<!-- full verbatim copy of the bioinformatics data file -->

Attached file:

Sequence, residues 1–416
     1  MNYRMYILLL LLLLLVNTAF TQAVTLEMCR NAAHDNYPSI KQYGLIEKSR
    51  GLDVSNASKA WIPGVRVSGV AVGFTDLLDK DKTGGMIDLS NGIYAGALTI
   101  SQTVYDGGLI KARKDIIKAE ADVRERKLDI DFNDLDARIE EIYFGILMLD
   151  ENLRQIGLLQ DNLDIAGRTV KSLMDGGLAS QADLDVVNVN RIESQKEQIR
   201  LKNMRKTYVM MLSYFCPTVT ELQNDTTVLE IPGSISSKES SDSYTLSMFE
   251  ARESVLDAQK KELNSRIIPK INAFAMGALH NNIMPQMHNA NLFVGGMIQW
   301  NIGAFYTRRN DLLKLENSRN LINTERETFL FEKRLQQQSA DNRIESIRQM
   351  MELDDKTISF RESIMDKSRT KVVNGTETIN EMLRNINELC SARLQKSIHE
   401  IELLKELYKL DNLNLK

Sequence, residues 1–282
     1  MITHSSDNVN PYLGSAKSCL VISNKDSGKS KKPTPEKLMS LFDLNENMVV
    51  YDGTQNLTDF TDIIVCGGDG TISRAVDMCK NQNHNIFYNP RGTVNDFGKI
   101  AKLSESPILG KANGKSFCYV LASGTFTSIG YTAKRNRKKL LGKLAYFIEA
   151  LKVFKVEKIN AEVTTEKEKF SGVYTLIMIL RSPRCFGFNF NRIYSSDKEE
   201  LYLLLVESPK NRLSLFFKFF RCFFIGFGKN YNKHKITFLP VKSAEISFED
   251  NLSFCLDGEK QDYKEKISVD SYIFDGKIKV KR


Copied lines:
Sequence, residues 1–416
     1  MNYRMYILLL LLLLLVNTAF TQAVTLEMCR NAAHDNYPSI KQYGLIEKSR
    51  GLDVSNASKA WIPGVRVSGV AVGFTDLLDK DKTGGMIDLS NGIYAGALTI
   101  SQTVYDGGLI KARKDIIKAE ADVRERKLDI DFNDLDARIE EIYFGILMLD
   151  ENLRQIGLLQ DNLDIAGRTV KSLMDGGLAS QADLDVVNVN RIESQKEQIR
   201  LKNMRKTYVM MLSYFCPTVT ELQNDTTVLE IPGSISSKES SDSYTLSMFE
   251  ARESVLDAQK KELNSRIIPK INAFAMGALH NNIMPQMHNA NLFVGGMIQW
   301  NIGAFYTRRN DLLKLENSRN LINTERETFL FEKRLQQQSA DNRIESIRQM
   351  MELDDKTISF RESIMDKSRT KVVNGTETIN EMLRNINELC SARLQKSIHE
   401  IELLKELYKL DNLNLK

Sequence, residues 1–282
     1  MITHSSDNVN PYLGSAKSCL VISNKDSGKS KKPTPEKLMS LFDLNENMVV
    51  YDGTQNLTDF TDIIVCGGDG TISRAVDMCK NQNHNIFYNP RGTVNDFGKI
   101  AKLSESPILG KANGKSFCYV LASGTFTSIG YTAKRNRKKL LGKLAYFIEA
   151  LKVFKVEKIN AEVTTEKEKF SGVYTLIMIL RSPRCFGFNF NRIYSSDKEE
   201  LYLLLVESPK NRLSLFFKFF RCFFIGFGKN YNKHKITFLP VKSAEISFED
   251  NLSFCLDGEK QDYKEKISVD SYIFDGKIKV KR